While I have greatly increased my learning skills while living abroad for the semester, I wish I had been more prepared before my arrival. As a former student in the North Providence public school system, I can barely remember my middle school language classes. I do remember that students were required to take Foreign Language as an elective, but there was no choice as to which language. As the article points out, students divide their three years at the middle school learning either Spanish or Italian. Though it seems money inhibits such potential, it would be more advantageous to allow students to select which language to study so that they could have a more solid understanding before entering high school. Although I took three years of Italian at the high school, limited interest in the language by other students did not allow me to continue onto a fourth year. As a result, I lost a year of learning, and thus felt as if I was starting from the beginning when I enrolled in Italian during my first college semester.
Yesterday I witnessed one of the biggest sins a person can commit in Italy.
As I stood at a bar sipping my cappuccino, I watched as a group of students walked inside. Based on their appearance, I did not need to hear their voices to know that they were American. While I was spooning out what remained of the froth from my caffeine fix, I listened intently as a girl wearing a Penn State shirt approached the cassa, the register. Continue reading →
George Bernard Shaw once said, “The whole strength of England lies in the fact that the enormous majority of the English people are snobs.” Apparently, the French are not the only European citizens who have a stereotyped reputation for being less than welcoming.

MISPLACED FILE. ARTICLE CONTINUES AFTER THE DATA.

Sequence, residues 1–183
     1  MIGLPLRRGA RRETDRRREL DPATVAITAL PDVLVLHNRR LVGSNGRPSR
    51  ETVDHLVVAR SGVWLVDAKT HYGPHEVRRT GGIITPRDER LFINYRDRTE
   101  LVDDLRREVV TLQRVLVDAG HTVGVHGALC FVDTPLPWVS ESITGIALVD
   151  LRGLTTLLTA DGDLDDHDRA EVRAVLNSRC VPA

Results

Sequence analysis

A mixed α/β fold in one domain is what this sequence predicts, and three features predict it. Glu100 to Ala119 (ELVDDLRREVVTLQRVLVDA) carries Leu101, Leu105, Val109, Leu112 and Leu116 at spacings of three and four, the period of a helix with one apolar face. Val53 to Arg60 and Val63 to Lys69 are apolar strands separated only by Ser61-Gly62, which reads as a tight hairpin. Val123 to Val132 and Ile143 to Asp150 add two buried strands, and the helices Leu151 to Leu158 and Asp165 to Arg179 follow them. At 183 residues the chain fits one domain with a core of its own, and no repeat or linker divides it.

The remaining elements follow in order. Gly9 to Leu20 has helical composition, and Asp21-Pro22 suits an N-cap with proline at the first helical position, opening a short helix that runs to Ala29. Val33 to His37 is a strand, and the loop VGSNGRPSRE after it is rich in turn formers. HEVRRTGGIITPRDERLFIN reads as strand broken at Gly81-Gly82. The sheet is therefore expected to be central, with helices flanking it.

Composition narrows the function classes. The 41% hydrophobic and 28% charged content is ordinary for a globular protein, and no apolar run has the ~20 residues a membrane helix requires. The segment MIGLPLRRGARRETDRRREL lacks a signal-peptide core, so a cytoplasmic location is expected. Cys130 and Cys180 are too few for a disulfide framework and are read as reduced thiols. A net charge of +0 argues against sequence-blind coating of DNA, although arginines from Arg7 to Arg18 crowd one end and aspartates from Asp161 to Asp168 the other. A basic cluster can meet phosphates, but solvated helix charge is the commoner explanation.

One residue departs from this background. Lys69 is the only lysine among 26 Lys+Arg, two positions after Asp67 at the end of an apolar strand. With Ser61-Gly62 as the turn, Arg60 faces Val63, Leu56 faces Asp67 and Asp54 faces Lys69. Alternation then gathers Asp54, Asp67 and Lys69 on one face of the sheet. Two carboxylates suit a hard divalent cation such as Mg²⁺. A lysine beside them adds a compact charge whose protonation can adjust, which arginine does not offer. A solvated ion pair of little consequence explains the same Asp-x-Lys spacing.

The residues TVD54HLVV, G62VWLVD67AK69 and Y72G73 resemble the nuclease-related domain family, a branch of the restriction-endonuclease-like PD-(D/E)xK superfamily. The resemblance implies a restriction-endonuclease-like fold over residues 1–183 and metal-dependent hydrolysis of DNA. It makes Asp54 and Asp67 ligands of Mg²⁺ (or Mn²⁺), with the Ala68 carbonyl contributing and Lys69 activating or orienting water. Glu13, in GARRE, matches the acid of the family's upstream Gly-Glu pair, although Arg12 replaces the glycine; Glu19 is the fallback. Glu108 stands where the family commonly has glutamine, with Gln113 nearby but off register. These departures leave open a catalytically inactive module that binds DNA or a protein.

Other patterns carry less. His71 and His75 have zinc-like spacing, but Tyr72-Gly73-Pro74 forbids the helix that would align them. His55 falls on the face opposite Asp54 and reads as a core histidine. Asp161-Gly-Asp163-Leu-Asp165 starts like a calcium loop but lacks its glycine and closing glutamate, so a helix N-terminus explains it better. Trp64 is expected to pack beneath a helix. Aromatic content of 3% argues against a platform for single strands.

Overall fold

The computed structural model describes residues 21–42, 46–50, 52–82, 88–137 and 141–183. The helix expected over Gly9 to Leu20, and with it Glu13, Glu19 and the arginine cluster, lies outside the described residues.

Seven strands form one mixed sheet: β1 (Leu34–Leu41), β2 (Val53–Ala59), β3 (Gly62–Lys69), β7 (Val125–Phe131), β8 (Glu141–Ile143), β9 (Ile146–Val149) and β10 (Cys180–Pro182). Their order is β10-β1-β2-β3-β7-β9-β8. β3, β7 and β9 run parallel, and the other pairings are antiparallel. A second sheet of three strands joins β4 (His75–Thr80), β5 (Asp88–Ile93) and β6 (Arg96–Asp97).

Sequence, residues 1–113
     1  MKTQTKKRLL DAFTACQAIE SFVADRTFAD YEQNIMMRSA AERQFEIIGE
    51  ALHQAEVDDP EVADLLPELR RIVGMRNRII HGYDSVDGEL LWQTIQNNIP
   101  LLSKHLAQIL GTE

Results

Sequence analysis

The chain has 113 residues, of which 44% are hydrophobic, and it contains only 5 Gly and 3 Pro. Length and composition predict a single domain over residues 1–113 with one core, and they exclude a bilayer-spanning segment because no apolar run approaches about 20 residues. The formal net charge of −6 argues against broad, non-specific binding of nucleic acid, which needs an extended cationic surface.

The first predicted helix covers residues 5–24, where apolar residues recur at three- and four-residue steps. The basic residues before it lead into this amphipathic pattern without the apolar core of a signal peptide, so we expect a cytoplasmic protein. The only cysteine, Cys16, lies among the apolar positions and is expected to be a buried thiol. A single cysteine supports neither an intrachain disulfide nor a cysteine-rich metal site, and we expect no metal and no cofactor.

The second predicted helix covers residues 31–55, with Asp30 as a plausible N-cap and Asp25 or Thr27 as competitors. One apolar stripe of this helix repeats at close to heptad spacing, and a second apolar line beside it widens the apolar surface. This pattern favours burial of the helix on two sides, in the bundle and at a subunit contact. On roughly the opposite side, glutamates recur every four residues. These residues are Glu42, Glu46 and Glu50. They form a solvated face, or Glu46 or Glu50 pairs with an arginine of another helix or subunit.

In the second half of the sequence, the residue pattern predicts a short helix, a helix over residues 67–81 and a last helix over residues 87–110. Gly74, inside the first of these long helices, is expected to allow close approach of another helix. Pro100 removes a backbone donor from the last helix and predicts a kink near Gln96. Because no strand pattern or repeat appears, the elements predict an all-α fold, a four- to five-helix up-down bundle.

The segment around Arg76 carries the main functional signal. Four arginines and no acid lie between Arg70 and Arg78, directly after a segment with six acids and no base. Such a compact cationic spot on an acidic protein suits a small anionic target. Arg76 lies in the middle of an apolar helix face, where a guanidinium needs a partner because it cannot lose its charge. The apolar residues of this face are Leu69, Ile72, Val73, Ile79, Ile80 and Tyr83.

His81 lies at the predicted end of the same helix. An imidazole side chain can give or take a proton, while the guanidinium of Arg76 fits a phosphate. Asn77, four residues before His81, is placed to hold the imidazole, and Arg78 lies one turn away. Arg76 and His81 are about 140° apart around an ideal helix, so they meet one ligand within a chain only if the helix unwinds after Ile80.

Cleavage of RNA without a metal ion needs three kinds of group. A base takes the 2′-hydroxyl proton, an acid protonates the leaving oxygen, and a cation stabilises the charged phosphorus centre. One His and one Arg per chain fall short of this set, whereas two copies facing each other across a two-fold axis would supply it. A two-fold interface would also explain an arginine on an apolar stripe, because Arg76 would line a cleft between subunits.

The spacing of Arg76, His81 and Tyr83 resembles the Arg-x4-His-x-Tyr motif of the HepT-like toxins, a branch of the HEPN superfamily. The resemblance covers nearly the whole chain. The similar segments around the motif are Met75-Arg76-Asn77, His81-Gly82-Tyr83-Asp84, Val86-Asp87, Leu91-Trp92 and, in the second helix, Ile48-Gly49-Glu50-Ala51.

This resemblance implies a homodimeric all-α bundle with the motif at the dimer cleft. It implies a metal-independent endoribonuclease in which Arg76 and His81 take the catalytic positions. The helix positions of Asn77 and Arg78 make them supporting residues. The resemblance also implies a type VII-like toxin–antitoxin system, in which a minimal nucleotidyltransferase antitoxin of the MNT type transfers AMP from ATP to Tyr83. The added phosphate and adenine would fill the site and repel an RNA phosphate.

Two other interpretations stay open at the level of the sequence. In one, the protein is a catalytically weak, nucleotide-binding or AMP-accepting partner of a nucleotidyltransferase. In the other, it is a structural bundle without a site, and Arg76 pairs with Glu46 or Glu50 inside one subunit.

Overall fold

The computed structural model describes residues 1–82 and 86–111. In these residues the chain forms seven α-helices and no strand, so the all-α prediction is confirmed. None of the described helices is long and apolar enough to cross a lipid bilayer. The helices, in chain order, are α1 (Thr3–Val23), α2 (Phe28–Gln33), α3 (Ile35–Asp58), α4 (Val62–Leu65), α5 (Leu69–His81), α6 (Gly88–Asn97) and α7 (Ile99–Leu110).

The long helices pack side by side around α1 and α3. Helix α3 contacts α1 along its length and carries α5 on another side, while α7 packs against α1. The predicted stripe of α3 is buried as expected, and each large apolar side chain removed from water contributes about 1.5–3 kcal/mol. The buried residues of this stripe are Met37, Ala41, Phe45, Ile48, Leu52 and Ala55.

Since the beginning of the semester one of my main goals was to dispel common stereotypes about foreigners perpetuated by Americans. Thus far I have dispelled many about the Italians and my brief stay in Paris taught me that the snooty stereotypes about French people were far from accurate. Looking to see if Shaw’s perception of the English was correct, I spent last weekend in the United Kingdom’s capital, London. Continue reading →
As I sat on the train from Versailles, my excitement could barely be contained. Behind me a little boy sat with his mother, and the two conversed in a language perhaps more beautiful than Italian. Suddenly, the Eiffel Tower came … Continue reading →
In his essay, “In Defense of European Languages,” Carnegie Mellon professor Stephen Brockmann describes Italy and its language as “beautiful, fun and sexy.” Though as an Italian-American I am certainly biased, I believe that professor Brockmann is absolutely correct in his assessment. With such eloquence and poetics, the Italian language is one of the most romantic to speak and hear.
Having studied Italian for three years in high school and one year intensively at Georgetown, I was very anxious to come to Florence to finally practice my language skills. Yet, even with four years of study under my belt, I felt a sense of unease flying off to a country that required me to speak a different language. Considering I had never spoken the language outside of the classroom, I had no idea what to expect when I arrived in Florence.
Before my plane took off from the airport in the United States, I got a little taste of what was to come during my four months abroad. As I waited to board my flight, dozens of passengers surrounded me conversing in Italian. There were times when my ears perked up to certain words and phrases that I understood, but the majority of the time I simply sat in awe admiring how wonderful the words sounded as they rolled off the Italians’ tongues.
To me, the beauty and romanticism of the Italian language can make even the simplest words and ideas sound exciting. This, however, can cause problems with someone like me who does not speak the language fluently. In my attempts to sound sophisticated and also grammatically correct, it is very easy to mispronounce a syllable or entire word and thus change the entire meaning of what was intended.
To read more, check out the original post for Georgetown’s weekly magazine The Guide.